1. “Induction of a host epigenetic enzyme. Parasite infection leads to upregulation of SMYD3, a methyltransferase that activates genes involved in host transformation, through H3K4 trimethylation.
  2. Secreting effector proteins that drive epigenetic repression of host genes. TEEGR activates a host chromatin modifier able to repress transcription of immune system genes through H3K27 trimethylation.” “The clever strategies used by intracellular parasites to hijack host gene expression” (not freely available)

I used a “parasites” paradigm while living in the Washington DC area for three decades to help understand what goes on there. Moved away several years ago, but haven’t changed my thinking that all six of this paper’s parasite strategies had analogous human actions.

Other curated papers that explored the review’s topic include:

Do epigenetic clocks measure causes or effects?

Starting the sixth year of this blog with a 2020 article authored by the founder of the PhenoAge epigenetic clock methodology:

“The Ge[r]oscience paradigm suggests that targeting the aging process could delay or prevent the risk of multiple major age-related diseases. We need clinically valid measures of the underlying biological process and/or classification criteria for what it means to be biologically, rather than chronologically, “aged”.

The majority of aging biomarkers, including the first-generation epigenetic clocks, are developed using cross-sectional data, in which the researchers take a variable that proxies aging (e.g. chronological age) and apply supervised machine learning, or deep learning, approaches to predict that variable using tens to hundreds of thousands of input variables. The problem with this approach is that it doesn’t account for mortality selection. This biases the algorithm to select markers that are not causal, but instead correlative with aging.

When considering individuals of the same chronological age, do those with higher epigenetic age look phenotypically older on average (e.g. have higher mortality rates, greater disease burden, and worse physical and cognitive functioning)? FEV1 [forced expiratory volume in one second] declined at a faster rate for individuals with higher baseline GrimAge and/or PhenoAge. A similar finding was observed for the decline in grip strength as a function of GrimAge; however, the rate of change for any of the epigenetic clocks was not associated with rate of change in any performance measure.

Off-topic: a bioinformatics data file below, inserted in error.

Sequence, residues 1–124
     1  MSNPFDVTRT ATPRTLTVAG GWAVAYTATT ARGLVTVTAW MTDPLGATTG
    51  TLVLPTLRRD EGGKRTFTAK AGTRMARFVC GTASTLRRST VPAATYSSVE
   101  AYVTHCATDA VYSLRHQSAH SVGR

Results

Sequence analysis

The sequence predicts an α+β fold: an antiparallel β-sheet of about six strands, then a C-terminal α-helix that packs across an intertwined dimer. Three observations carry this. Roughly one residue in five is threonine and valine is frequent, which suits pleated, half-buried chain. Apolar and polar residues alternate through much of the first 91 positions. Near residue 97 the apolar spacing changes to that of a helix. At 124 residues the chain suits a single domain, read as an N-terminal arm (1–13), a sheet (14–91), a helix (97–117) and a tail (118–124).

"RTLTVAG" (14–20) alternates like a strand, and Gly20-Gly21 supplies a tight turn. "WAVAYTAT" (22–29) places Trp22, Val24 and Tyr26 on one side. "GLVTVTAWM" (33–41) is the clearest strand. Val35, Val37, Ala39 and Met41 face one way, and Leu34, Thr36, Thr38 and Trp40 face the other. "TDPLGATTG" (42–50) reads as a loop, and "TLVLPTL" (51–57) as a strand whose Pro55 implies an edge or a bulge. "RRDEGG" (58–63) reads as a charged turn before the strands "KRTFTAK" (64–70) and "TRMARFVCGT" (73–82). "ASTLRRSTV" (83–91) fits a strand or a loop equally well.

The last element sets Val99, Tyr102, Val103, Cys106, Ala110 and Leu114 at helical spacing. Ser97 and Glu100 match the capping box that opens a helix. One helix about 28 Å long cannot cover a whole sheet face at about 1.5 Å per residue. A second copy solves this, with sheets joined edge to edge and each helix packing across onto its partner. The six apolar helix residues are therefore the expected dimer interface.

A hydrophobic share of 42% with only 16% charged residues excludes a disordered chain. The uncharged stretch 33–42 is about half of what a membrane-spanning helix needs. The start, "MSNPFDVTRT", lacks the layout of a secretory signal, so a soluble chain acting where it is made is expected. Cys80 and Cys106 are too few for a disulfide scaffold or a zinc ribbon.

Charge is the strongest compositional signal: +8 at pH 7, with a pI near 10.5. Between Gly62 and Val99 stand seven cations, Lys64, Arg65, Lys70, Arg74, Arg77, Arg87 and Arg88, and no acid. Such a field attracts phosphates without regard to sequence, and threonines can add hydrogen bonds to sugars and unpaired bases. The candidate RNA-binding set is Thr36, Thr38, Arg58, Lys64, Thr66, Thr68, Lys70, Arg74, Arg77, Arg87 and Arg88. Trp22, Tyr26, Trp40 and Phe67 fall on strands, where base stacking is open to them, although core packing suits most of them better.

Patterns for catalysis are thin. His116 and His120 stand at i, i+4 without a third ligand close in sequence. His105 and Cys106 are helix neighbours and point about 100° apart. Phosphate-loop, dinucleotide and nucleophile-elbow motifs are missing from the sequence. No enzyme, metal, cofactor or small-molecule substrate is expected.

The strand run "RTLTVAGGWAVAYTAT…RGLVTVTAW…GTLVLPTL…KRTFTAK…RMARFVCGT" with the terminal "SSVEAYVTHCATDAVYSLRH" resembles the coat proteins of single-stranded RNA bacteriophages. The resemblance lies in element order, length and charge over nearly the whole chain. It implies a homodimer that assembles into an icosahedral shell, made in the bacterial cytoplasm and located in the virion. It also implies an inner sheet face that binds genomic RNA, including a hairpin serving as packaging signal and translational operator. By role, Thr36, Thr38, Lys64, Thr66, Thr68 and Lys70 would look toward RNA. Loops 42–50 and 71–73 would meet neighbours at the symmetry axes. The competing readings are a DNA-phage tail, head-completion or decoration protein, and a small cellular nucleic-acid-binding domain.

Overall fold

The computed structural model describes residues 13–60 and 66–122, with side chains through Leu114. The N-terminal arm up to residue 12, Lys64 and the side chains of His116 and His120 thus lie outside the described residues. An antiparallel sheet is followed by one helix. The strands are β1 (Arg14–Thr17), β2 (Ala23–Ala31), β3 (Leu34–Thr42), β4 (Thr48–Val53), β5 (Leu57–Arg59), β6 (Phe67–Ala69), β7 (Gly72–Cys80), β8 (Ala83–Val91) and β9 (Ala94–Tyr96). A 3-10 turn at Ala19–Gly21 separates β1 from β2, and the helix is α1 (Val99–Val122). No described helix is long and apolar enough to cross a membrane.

Loci that show consistent trends with chronological age, even at higher ages, are likely not causal. By using a cross-sectional study design for biomarker development there was a propensity away from selecting causal loci, to the point where fewer causal loci were selected than if loci had been chosen at random.

The power of these measures as diagnostic and prognostic may stem from the use of longitudinal data in training them. Rather than continuing to train chronological age predictors using diverse data, it may be more advantageous to retrain some of the existing measures by predicting longitudinal outcomes.” “Assessment of Epigenetic Clocks as Biomarkers of Aging in Basic and Population Research” (not freely available)

A cited 2019 study modeled corrections to “account for mortality selection.” It modified datasets “by incorporating correlates of mortality identified from longitudinal studies, allowing cross-sectional studies to effectively identify the causal factors of aging.” “Biomarkers for Aging Identified in Cross-sectional Studies Tend to Be Non-causative” (not freely available)

The article didn’t present a complete case to determine whether an individual’s epigenetic clock measurements over time may show causes of biological aging.

Other viewpoints include:

1. A blood plasma aging clock presented evidence with its 46-protein conserved aging signature that some causes of biological aging are under genetic control. If the principle of this finding applies to CpG DNA methylation, the statement:

Loci that show consistent trends with chronological age, even at higher ages, are likely not causal.

may not hold. Such epigenetic changes could be among both the causes of senescence and the effects of evolution’s selection mechanisms.

2. An epigenetic clock review by committee, particularly in:

  • Challenge 3 “Integration of epigenetics into large and diverse longitudinal population studies”;
  • Challenge 5 “Single-cell analysis of aging changes and disease”; and
  • Table 1 “Major biological and analytic issues with epigenetic DNA methylation clocks” with single-cell analysis as the solution to five Significant issues.